So we met in Atlanta. Before we even went to shoot, we sat on these couches in the hotel where we were staying, and we had a more than an hour long conversation about what our expectations were and are about cinema. I hadn’t had that experience before. We talked about Haile. You were bringing up films that I had never seen. I just realized, like, Oh, this is my sister. This is my friend. This is a person I haven’t met, but we’ve been on the same path, the same journey. The only thing that was separating us was land, was space.
DuVernay: You’re taking me back to that couch, that bad faux postmodern couch where this collaboration was born. Ha! It was a real organic, beautiful, deeply rooted conversation in this totally false, like fabricated environment.
We went out into Atlanta and we shot. I remember it was the second day or the first day and I still have these people in my head. We saw some young brothers in the street skating. There was a girl with them. Do you remember this? I said, “Look at them; they’re so beautiful.” I always regret that we never went back and shot them. She was so beautiful. They were just some skater kids. You said something like, “Look at them, they’re free,” and then we started talking about a story, like, “Wow, we should have talked with them.” Anyway, I think of them now and then. Memory. The mind’s eye. I can see that moment that I looked over at them in my head still. Do you remember?
Young: I do. They were three skater kids, three black skater kids, in an abandoned parking lot. Two brothers and a girl in East Point, Georgia. We’d just come out of that raw food restaurant, feeling good. Feeling good!
DuVernay: Yeah! Yes! Middle of Nowhere was our next collaboration. You were already a star. You’d already won Best Cinematography at Sundance for Pariah, or it was coming up. These things that the industry marks as worthy. But we already knew. I remember being glad that you were doing it, because I think at that point you had different choices about what you could do. Different possible trajectories and different people pulling on you different ways. The talent was apparent at that point. Enough of us had seen the work, and were valuing it. So anyway, it was no money. It was fourteen days in LA, in South Central and all around LA. Yeah, what did we do then?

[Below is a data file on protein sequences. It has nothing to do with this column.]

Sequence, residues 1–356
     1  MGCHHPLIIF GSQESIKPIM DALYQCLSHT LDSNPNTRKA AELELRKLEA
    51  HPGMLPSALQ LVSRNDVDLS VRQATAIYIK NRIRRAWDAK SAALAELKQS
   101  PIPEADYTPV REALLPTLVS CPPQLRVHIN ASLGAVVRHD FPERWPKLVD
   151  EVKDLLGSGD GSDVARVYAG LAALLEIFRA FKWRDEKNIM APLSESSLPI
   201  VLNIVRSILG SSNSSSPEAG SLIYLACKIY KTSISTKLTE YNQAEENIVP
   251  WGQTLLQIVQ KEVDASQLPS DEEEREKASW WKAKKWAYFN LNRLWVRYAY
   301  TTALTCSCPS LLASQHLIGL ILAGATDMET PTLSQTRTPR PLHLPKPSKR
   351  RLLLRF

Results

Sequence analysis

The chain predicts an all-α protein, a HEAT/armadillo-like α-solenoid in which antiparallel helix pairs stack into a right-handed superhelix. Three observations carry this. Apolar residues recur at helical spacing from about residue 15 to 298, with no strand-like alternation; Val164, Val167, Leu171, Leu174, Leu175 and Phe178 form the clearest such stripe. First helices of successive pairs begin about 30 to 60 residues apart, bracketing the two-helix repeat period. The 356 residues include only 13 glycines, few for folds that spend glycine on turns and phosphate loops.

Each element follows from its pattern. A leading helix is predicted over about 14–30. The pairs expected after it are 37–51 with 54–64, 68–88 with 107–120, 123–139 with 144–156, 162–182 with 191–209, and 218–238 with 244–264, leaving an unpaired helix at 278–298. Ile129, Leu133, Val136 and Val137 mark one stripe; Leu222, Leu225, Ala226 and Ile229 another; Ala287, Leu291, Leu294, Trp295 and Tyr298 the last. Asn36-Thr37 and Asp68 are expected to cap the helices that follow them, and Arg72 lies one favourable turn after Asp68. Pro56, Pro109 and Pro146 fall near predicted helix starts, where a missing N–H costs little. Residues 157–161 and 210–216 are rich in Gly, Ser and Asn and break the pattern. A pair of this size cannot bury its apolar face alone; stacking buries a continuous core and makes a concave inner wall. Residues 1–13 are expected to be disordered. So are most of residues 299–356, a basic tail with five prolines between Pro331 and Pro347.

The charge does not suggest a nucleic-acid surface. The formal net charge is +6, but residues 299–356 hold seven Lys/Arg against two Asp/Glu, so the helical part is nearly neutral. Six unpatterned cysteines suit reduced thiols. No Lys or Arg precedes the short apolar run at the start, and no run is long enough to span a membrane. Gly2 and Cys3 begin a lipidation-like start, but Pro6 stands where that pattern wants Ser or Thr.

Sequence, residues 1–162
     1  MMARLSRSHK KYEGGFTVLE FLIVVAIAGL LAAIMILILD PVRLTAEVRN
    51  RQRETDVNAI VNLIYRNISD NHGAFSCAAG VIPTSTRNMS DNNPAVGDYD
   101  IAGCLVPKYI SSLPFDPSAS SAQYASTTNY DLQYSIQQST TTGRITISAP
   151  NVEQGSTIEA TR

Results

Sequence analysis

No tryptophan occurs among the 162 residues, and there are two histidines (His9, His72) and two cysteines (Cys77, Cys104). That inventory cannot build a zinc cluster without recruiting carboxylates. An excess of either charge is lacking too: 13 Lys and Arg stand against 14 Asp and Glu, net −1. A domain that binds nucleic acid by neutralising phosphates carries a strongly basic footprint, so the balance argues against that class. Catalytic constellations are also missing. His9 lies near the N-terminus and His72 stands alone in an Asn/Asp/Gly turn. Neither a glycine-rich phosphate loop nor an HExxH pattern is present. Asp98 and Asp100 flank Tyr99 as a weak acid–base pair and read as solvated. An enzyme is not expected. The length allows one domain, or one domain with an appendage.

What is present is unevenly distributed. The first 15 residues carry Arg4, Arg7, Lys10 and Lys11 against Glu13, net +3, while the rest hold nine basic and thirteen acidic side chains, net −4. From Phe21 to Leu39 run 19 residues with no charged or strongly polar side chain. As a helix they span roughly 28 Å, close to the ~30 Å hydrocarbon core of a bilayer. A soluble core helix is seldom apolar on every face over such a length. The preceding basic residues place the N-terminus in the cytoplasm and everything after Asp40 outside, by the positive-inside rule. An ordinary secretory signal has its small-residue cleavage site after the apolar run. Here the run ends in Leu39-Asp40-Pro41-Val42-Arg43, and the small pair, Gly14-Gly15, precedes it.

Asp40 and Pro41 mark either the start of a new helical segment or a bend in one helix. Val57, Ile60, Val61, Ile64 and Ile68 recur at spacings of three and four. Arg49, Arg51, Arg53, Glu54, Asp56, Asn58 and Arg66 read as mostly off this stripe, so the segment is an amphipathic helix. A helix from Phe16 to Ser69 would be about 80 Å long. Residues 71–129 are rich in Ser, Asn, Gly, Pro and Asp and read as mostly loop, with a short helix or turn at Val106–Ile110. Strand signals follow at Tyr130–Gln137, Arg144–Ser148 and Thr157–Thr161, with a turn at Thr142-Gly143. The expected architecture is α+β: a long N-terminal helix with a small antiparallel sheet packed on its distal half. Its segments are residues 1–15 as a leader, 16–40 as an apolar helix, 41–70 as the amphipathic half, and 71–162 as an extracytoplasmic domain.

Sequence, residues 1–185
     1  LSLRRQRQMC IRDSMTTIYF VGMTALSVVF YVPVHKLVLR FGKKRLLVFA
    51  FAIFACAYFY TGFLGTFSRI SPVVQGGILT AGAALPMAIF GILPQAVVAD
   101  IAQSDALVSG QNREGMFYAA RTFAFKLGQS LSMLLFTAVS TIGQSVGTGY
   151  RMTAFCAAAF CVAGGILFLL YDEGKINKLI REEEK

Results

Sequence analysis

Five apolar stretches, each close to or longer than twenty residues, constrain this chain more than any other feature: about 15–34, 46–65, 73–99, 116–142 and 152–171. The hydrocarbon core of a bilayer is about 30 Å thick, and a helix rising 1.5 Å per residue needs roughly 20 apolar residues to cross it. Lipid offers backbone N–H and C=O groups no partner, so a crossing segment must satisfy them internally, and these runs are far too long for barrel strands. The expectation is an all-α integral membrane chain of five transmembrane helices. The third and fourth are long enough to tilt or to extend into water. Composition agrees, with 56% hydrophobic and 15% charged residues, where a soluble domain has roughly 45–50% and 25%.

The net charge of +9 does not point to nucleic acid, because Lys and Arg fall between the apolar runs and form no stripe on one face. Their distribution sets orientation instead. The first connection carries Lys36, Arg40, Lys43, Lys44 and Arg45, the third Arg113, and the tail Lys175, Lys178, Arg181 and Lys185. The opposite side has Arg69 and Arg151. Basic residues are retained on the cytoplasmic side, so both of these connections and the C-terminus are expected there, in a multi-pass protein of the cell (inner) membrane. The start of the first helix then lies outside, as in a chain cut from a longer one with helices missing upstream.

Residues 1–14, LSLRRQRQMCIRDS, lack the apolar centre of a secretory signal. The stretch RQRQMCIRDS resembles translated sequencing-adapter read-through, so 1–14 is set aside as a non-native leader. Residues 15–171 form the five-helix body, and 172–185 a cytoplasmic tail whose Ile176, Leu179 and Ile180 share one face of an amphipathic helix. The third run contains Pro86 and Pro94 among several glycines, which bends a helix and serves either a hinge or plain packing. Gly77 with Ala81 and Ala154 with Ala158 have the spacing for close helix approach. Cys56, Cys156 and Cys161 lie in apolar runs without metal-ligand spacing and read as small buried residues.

Young: We were at a place to exercise some of the ideas that we think about. Like, how do you capture black life in real time? We’d already talked Ashes and Embers. We already had those references. Now it was time to show up and be part of that conversation.
DuVernay: After, we did a branded piece, The Door (2013), commissioned by Prada. They basically just gave a chunk of change to tell a story, as long as the characters were wearing their clothes. I was like, “let’s see … ok.” And we made something … I love that piece. I think we said something with it.
Told a story that I thought was important. Everyone looks like you just want to sop them up on a biscuit. We walked into that with very little prep. Very little prep. I remember being in that house like, “ok, let’s have her stand over there; let’s have her stand by the painting; let’s get her by the painting, I might use it.” By that point, we’d already done Middle and Mic and we had a shorthand. I just remember feeling super free. Even though the client was on the set looking at it, it felt super free and very connected. What did you think?